What I mean is, if you’ve never written a novel before, don’t put yourself in the mindset of “okay, I’m writing a novel now” right off the bat.  Set out to explore your idea a bit.  Get chummy.  Get to know one another.  Some of your ideas may even insist that you know yourself a little better before you get try to get to know them.  *snap-snap-snap* Okaaayy?  (Black humor there.)  Your muse/subconscious can be self-righteous and sassy like that.

When I thought I was writing a novel, when I went through the entitled “Seven and a Half First Drafts,” I believe that what I was actually doing was making small attempts at scenes.  Perhaps some short stories.  The problem was I didn’t have a clear end goal in mind, no overarching plot to provide a sense of purpose.  The scenes had conflict and were connected through character and setting, but the overall plot was vague, undecided.

So I suppose I did gain some practice in this way.  (I also participated in some online role-playing at one Star Wars community for several years, but that is quite another story…)

Writing Tools

One of the ways you can “get to know” your novel before you start writing it is by keeping a writer’s journal.  You wouldn’t believe how many journals I’ve kept on my WIP (work in progress, from here on out).  Not only do I keep a paper-and-pen journal–you know, the old school kind–but also a word processor journal because sometimes thoughts come to you when you least expect.

I always include the date of entry and give it a title.  This helps to set a writing goal, something to write towards.  If I want to explore a certain character, for example, then I name that entry something like “Voi’s Character.”  Or, if I’m exploring more than one thing, I’ll link several titles together, like “Voi’s Character; Elementalism.”  That way, if I want to look back on it later, I know what it was about and can find it more easily.

(“Who is Voi?” you might wonder.  This dammissi, which is Borellian for “little woman,” or more commonly “miss.” Depends on how it is used.)

Once I name the journal entry, I’ll try out several things: just plain talking to myself, freeform word association, bubble diagrams, stream-of-consciousness entries, spiels of dialogue, vignette studies of certain settings or characters living their lives… There are a lot of different techniques you can try and different reasons to use them.  Whatever will help you get from formless idea to a coherent story that has a point to it is what you should use.

Another thing I do is collect images like there’s no tomorrow, and my poor hard drive suffers for it (though luckily I’ve got a back-up external drive now with like a terabyte of storage space).  If I see something that inspires an idea for a setting or character, for example, I’ll save it to my “Element 7” (a working title for my current novel) file under those categories for inspiration.  I keep files on characters, settings, technology in my world, historical photographs to observe certain outmoded lifestyles from… You name it, I’ve got it.

Mind mapping has also helped me figure out the finer points of my story.  It’s not as complicated as it sounds, only looks that way once you’re finished.  Basically, you take one central idea, generate a few connected sub-ideas and use those to further explore even more offshoots.  The goal, when you use it to help you develop your story, is to come up with ideas for characters, places, etc. that are connected to your central idea or concept and can later be used to generate a story.  Or, if you already have a premise, then you can use mind mapping to make the overall story richer by exploring deeper connections between characters, themes, settings, and so on.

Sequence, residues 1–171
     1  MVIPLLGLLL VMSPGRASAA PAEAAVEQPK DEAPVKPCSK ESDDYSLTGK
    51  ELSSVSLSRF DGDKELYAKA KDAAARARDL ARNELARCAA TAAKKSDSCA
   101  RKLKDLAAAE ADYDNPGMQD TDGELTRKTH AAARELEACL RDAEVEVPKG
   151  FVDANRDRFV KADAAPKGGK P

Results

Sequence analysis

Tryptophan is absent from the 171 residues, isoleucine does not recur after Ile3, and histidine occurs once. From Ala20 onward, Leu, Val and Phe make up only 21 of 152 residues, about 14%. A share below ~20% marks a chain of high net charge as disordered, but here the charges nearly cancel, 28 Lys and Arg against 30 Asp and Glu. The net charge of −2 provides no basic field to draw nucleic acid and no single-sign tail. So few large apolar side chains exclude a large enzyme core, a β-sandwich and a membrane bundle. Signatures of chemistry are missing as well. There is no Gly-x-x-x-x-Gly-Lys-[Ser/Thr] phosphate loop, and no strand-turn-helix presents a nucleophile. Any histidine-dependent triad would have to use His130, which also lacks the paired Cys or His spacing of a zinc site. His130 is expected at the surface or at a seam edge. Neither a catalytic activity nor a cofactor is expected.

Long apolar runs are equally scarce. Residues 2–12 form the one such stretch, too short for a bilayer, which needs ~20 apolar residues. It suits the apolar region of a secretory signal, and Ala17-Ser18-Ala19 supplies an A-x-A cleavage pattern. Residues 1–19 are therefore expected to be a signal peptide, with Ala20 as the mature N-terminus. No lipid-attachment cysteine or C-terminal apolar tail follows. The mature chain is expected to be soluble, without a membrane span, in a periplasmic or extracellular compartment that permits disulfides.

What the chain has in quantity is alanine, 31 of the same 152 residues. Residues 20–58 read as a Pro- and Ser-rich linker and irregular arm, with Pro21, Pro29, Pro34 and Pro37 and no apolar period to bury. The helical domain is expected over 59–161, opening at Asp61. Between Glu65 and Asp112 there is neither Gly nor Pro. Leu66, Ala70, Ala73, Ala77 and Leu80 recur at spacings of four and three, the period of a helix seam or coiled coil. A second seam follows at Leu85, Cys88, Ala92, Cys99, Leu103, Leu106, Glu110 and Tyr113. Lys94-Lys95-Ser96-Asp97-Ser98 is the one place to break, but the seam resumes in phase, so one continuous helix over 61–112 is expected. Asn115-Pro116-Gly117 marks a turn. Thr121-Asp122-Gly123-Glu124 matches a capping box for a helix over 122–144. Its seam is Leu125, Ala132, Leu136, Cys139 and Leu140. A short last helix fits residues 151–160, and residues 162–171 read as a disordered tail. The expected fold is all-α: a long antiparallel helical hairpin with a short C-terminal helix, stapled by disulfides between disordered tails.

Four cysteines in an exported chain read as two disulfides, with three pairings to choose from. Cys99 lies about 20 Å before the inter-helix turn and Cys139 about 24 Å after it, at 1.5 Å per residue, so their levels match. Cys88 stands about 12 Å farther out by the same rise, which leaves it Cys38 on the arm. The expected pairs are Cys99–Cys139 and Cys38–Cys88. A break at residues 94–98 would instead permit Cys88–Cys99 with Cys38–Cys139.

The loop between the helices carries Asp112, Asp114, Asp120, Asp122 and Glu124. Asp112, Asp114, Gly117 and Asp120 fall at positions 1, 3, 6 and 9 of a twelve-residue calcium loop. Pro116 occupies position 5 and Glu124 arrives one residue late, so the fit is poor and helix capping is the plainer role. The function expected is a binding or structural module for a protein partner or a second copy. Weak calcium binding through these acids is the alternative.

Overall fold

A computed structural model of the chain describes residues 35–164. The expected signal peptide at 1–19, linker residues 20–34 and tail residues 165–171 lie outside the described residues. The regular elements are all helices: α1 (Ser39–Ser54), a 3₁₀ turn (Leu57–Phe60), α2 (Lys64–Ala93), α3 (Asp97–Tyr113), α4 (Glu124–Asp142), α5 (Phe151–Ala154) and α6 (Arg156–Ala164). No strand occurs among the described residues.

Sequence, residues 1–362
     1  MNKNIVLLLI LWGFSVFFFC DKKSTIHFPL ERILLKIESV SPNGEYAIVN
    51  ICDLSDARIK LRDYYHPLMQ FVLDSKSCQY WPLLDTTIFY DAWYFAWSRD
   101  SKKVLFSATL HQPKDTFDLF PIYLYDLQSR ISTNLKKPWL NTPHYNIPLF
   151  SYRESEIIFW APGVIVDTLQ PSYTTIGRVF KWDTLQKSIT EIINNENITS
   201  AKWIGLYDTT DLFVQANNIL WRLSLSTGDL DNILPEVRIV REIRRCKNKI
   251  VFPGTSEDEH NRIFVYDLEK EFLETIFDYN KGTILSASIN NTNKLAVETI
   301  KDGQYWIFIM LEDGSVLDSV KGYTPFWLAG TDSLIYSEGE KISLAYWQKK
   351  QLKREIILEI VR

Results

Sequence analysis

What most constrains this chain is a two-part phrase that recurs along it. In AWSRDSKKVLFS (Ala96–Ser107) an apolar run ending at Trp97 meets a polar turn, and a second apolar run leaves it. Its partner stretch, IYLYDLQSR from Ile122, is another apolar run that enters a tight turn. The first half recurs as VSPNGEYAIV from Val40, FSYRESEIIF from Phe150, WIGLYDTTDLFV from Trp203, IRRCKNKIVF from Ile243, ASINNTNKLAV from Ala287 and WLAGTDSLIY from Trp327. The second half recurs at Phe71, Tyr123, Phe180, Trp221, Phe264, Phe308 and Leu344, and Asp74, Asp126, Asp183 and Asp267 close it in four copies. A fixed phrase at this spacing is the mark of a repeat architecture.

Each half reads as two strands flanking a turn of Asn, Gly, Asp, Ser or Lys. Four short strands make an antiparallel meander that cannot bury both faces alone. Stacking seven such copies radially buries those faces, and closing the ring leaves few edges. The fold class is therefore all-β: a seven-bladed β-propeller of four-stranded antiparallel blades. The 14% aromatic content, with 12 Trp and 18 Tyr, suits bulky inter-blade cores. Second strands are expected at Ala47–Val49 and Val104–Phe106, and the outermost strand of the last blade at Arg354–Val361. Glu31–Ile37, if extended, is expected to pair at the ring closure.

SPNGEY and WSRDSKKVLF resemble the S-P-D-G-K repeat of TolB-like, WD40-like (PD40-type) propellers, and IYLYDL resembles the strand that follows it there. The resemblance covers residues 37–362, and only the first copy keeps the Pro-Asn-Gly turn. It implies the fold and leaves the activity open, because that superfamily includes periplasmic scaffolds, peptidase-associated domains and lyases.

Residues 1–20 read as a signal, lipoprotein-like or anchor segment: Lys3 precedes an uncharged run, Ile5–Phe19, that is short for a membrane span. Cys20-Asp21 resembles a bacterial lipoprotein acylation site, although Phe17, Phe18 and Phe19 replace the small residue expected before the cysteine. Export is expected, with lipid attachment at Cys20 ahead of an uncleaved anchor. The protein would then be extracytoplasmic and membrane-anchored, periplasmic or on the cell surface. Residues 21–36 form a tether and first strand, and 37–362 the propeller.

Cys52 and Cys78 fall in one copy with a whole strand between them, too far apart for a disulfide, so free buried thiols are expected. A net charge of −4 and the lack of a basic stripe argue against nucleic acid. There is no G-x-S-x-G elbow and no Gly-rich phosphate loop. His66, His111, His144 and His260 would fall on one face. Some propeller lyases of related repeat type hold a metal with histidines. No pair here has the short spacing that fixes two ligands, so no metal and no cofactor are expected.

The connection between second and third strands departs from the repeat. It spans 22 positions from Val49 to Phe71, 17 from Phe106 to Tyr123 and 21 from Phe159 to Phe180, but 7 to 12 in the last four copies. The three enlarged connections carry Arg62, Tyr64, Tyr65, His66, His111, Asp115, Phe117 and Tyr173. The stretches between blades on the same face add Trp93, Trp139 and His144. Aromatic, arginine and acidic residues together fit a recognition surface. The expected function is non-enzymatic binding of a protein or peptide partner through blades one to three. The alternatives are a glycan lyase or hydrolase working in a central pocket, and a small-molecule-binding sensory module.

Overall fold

Of course, there are many other uses for this tool outside of writing.  (I first learned about it in one of my interior design classes at ASU.)  In the end you get this giant diagram that looks like a network of brain synapses or something:

An example of a mind map I made at ASU with a friend.

Here is another, shorter, article about mind mapping, if you’re interested.  I’d share a map I made for my novel, but it isn’t as pretty, heh.  Like this one, from Wikipedia:

(By the way, your mind map doesn’t necessarily have to be pretty.  It’s just has to get your brain juices flowing.  I did my mind map for my story in black and white.)

Clustering is another technique I’ve used that’s helped me understand my story a little better.  I just used it a few days ago to sort out all the prominent themes in my novel; I found there were eight. O_O (However, I also discovered that they were all connected to each other either directly or indirectly, which helps create a sense of unity, and they all could be linked directly back to one prominent theme: humanity, or human nature.)  I didn’t use color in mine, but you can take a look at it:

I used solid lines to suggest direct relationships and dotted for indirect.  The “people/humanity” cluster had the most (all) solid line connections, which to me suggests it may be [edit: connected to] the central theme in my story.  I can use this knowledge now to help me assess whether or not my story reflects this then go back and “realign” sections where it does not.  Theme is a tricky element because sometimes you don’t “see” it until you’ve finished writing most of, if not all of, your story.  However, it can be used to create focus, unity and cohesion.  (Funny–this is starting to sound a lot like the principles and elements of design.)

At first I tried everything because I didn’t know what would work for me and what wouldn’t, but eventually I found techniques that got results, so now I’m sticking to them.  And that’s kinda what you have to do as a writer: figure it out.

“Ah-hyuk!  That’s all, folks!”

Really, it is.  For now.  I’ve rambled on long enough.  Bless those souls who actually read both posts on this topic.  I really do hope you got something out of it.

On another note, I am interested to know what others do to help develop their story ideas.  Got any unusual or particularly effective brainstorming methods?

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Getting to Know Your Story (Part I)

16 Feb

So let’s say you’ve got this fantabulous idea for a novel, right.  So then the first step, naturally, would be to start writing about it.  Riiiiight?